UC Law SF Communications and Entertainment Journal


Janet L. Avery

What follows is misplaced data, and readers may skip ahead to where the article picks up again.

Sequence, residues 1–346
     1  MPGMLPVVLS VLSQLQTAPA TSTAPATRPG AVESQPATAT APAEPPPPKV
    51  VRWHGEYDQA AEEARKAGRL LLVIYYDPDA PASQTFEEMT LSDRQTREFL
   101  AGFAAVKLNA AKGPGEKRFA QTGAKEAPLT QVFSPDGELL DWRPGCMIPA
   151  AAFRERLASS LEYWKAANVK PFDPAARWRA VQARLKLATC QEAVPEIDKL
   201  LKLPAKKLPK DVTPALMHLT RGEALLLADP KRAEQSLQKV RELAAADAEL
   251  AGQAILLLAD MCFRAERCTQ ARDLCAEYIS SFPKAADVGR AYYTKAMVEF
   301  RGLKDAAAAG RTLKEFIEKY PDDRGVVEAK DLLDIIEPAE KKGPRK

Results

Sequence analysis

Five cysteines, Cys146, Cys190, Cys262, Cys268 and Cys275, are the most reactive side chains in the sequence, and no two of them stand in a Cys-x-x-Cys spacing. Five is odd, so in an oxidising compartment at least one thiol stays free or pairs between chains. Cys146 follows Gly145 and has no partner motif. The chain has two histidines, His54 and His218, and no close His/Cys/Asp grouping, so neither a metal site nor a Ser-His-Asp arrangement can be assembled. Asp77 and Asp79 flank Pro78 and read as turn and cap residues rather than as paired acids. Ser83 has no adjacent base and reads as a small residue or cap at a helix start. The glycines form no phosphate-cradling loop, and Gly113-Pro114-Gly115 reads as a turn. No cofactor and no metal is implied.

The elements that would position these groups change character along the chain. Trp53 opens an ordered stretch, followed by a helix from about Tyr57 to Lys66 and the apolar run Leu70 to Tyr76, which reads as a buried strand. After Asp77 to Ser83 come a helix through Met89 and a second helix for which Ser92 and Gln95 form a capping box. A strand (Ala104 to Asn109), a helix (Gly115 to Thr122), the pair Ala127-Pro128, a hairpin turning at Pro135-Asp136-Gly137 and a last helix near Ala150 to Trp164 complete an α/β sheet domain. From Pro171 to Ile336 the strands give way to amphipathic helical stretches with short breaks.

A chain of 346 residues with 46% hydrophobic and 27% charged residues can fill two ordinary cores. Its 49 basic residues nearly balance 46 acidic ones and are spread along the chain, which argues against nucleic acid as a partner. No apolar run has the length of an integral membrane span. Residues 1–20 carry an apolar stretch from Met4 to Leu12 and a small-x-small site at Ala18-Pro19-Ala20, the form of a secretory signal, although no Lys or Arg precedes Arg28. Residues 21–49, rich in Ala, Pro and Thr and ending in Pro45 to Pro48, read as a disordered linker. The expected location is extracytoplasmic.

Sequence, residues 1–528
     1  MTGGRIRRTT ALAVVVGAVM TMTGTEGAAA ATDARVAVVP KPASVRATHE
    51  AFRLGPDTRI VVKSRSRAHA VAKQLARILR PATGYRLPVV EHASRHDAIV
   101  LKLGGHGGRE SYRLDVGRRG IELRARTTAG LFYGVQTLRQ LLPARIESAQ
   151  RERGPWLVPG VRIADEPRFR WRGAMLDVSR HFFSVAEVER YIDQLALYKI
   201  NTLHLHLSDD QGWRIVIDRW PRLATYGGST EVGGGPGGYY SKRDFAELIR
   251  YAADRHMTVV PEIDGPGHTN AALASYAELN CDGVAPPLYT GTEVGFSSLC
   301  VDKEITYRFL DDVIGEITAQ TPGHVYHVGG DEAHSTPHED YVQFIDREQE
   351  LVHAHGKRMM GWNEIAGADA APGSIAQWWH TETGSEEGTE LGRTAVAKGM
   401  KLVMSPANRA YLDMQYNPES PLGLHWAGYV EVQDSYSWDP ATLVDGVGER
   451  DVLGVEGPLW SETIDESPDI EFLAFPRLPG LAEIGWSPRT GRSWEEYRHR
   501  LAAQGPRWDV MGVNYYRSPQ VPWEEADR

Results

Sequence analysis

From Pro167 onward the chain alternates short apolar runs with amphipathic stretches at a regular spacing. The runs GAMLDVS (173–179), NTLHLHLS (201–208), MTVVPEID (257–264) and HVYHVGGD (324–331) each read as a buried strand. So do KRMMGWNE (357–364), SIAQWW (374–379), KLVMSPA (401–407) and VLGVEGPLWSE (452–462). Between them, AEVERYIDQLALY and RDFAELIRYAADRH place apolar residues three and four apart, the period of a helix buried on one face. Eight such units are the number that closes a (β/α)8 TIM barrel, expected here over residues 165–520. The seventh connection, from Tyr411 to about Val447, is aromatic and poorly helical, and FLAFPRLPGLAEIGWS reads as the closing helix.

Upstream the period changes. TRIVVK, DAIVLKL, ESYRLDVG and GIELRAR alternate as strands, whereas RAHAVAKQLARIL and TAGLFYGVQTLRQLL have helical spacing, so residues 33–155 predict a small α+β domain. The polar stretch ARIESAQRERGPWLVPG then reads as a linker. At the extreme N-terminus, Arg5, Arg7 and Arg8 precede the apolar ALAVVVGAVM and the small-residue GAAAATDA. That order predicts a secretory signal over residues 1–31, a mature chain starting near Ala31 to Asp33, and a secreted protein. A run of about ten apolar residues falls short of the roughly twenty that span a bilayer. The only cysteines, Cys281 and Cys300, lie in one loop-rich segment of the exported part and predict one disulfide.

Broadcast Music, Inc. (BMI) chose not to sell or renew blanket licenses for the performance rights to music for cable television programmers and operators unless they agreed to pay substantially higher fees for the licenses than they had in the past. This lead to multiple law suits between BMI and the cable companies in which BMI claimed copyright infringement and the cable programmers and operators claimed antitrust violations, violation of a consent decree, and copyright misuse. The trial court in one of these cases found for BMI. The American Society of Composers, Authors, and Publishers (ASCAP) also attempted to increase its profits from the cable industry. However, since ASCAP is subject to certain provisions in a consent decree to which BMI is not subject, ASCAP did not have the same bargaining power as BMI to effect such an increase. This note proposes that cable programmers and operators organize and change the industry standard from blanket licensing to source licensing, rather than pursue lengthy and expensive litigation. In addition, this note argues that cable programmers and operators should petition the Justice Department to amend BMI's consent decree to require BMI to issue blanket licenses to all applicants and to require BMI to submit to a rate court when a licensing fee cannot be negotiated. Such amendments would rectify BMI's excessive bargaining power in negotiations for blanket licenses.